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Addressing dire racial disparities in reproductive health care is critical post-Roe, advocates say

Painting of pregnant women by Dr. Lucinda Canty.
Dr. Lucinda Canty
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Dr. Lucinda Canty's 2020 doctoral thesis, titled "It's Not Always Rainbows and Unicorns: The Lived Experience of Severe Maternal Morbidity Among Black Women," featured her artwork.

How are the deep racial disparities in reproductive health care being addressed in light of Roe v. Wade’s overturning?

Connecticut nurse-midwife, nurse educator and historian Dr. Lucinda Canty recently launched Lucinda's House, to help local women of color "become an active part in eliminating structural barriers to improve their overall health and well-being."

This hour, we hear from Dr. Canty about this new effort, as well as her research on maternal morbidity. Her 2020 doctoral thesis was titled, "It's Not Always Rainbows and Unicorns: The Lived Experience of Severe Maternal Morbidity Among Black Women."

Plus, journalist and author Linda Villarosa discusses her new book, Under the Skin: The Hidden Toll of Racism on American Lives and on the Health of Our Nation.

"Black women are three to four times more likely to die or almost die" during childbirth, Villarosa explains. "A Black woman with a master's degree or more is more likely to have a poorer birth outcome than a white woman with an eighth grade education. So that speaks to something beyond even the place where you are, it speaks to something... happening to Black women, even across class lines."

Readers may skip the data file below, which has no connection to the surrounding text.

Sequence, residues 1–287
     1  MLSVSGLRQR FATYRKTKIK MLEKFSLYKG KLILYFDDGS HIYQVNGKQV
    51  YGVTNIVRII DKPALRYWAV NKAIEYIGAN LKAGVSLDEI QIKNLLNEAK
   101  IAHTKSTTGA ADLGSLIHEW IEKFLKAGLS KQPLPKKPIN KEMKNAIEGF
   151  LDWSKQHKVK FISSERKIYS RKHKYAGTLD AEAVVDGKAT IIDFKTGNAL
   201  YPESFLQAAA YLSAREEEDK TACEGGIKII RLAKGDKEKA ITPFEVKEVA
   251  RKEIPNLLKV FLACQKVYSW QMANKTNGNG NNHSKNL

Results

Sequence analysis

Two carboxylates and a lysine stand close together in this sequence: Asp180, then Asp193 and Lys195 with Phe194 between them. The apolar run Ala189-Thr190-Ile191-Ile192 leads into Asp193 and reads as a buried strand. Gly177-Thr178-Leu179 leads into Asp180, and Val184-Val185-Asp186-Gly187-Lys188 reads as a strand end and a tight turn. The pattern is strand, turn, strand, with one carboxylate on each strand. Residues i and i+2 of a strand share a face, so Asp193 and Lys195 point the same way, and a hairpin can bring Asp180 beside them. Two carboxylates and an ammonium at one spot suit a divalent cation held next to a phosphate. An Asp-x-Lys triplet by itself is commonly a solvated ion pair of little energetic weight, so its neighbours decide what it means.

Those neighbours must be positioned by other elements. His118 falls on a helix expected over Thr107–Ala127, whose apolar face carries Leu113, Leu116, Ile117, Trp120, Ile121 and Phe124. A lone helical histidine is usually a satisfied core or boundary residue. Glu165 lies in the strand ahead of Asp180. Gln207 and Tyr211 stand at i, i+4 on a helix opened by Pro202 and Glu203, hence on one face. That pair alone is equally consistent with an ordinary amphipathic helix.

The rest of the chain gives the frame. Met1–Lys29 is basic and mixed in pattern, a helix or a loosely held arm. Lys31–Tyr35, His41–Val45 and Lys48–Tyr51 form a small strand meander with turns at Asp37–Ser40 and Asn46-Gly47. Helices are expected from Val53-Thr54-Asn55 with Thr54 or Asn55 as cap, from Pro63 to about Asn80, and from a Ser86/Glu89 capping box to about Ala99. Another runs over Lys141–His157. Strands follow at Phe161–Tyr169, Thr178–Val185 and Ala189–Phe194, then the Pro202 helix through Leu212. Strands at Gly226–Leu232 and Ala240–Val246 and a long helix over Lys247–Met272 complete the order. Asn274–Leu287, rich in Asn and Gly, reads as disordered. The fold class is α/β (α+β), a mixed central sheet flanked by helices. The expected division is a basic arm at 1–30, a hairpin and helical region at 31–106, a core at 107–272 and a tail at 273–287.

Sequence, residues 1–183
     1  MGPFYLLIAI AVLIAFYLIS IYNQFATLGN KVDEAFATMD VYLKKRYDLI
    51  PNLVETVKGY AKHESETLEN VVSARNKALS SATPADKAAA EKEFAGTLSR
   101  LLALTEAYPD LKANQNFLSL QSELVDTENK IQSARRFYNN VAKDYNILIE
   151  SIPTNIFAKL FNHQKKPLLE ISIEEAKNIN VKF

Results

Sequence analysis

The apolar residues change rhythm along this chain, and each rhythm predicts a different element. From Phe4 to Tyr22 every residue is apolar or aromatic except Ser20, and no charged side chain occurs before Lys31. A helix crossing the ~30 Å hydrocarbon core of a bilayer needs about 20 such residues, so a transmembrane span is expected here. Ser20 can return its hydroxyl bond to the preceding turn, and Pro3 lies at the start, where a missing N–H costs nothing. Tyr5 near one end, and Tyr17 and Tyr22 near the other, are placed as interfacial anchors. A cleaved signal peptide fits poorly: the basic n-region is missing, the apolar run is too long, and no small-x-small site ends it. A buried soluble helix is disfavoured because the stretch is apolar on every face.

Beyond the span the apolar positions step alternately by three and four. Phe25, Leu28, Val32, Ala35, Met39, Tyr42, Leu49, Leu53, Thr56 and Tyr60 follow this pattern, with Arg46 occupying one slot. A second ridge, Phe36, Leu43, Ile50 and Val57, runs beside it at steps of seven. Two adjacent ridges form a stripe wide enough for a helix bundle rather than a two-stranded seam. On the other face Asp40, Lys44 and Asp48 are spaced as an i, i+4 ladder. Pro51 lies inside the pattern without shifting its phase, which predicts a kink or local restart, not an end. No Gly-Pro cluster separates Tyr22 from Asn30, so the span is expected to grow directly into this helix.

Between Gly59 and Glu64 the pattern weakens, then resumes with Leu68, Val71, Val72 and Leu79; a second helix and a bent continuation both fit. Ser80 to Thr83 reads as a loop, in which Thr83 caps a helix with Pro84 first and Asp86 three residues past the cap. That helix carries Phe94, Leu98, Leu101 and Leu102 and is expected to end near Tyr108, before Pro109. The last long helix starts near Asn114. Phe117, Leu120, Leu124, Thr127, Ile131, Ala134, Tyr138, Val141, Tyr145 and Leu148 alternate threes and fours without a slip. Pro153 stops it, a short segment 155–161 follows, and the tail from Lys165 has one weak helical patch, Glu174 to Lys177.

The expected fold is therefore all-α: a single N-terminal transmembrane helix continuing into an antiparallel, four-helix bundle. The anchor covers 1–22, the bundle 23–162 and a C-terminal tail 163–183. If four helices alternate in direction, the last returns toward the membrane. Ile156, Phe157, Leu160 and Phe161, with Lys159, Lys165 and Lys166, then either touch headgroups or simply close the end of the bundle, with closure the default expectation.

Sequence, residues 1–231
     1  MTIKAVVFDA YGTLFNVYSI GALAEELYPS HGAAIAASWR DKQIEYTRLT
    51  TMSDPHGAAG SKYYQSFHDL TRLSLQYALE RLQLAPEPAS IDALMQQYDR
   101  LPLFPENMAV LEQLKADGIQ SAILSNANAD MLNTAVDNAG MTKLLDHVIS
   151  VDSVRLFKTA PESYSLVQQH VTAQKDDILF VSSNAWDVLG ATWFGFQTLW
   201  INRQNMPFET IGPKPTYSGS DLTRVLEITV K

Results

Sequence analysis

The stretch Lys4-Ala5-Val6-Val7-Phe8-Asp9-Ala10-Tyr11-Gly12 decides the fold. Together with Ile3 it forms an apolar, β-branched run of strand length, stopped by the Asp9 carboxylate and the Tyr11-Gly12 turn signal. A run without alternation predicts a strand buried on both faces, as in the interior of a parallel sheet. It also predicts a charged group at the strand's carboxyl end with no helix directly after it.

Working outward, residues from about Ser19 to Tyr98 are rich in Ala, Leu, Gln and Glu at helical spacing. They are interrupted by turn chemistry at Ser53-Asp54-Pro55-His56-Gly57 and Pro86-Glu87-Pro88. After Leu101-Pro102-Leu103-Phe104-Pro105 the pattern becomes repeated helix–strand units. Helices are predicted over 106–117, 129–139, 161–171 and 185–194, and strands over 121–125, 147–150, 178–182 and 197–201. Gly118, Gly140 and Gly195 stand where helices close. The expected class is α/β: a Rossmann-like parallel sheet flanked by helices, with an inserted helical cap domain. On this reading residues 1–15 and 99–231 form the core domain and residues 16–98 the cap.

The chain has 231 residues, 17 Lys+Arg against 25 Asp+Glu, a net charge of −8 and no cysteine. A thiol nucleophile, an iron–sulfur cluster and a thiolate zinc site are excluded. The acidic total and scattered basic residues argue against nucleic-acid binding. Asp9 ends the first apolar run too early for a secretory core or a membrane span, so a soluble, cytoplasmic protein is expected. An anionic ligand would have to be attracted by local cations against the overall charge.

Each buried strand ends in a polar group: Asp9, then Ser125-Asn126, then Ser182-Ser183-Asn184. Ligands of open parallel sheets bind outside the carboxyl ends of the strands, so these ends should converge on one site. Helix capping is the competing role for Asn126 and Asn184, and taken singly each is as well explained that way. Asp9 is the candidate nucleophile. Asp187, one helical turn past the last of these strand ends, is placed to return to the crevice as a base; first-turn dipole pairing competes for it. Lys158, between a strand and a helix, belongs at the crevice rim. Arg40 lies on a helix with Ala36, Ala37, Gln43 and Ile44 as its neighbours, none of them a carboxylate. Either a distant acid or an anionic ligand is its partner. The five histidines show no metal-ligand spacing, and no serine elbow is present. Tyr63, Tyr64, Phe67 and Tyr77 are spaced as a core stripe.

Villarosa stresses that while "it's important for every woman no matter who you are, to have the best health care, to demand that kind of health care, to be educated, to have someone like a doula or some other kind of birth partner with you... we can't just put this responsibility of raising our birth status of our country on the backs of individuals themselves, especially those who are pregnant... Instead, we have to advocate for changes in the system that make it more equitable."

GUESTS:

  • Dr. Lucinda Canty: Nurse-Midwife; Founder, Lucinda's House; Associate Professor of Nursing, UMass Amherst; Reproductive Health Justice Activist; Artist
  • Linda Villarosa: Author, Under the Skin: The Hidden Toll of Racism on American Lives and on the Health of Our Nation; Contributing Writer, The New York Times

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Katie is a producer for Connecticut Public Radio's news-talk show Where We Live. She has previously worked for CNN and News 8-WTNH. She enjoys Victorian novels and walks with her dog Sonny.
Lucy is the Executive Producer and Host of Connecticut Public's morning talk show, 'Where We Live.' She’s a longtime public radio reporter covering several beats including immigration, juvenile justice and child welfare issues, education, veterans affairs and the military.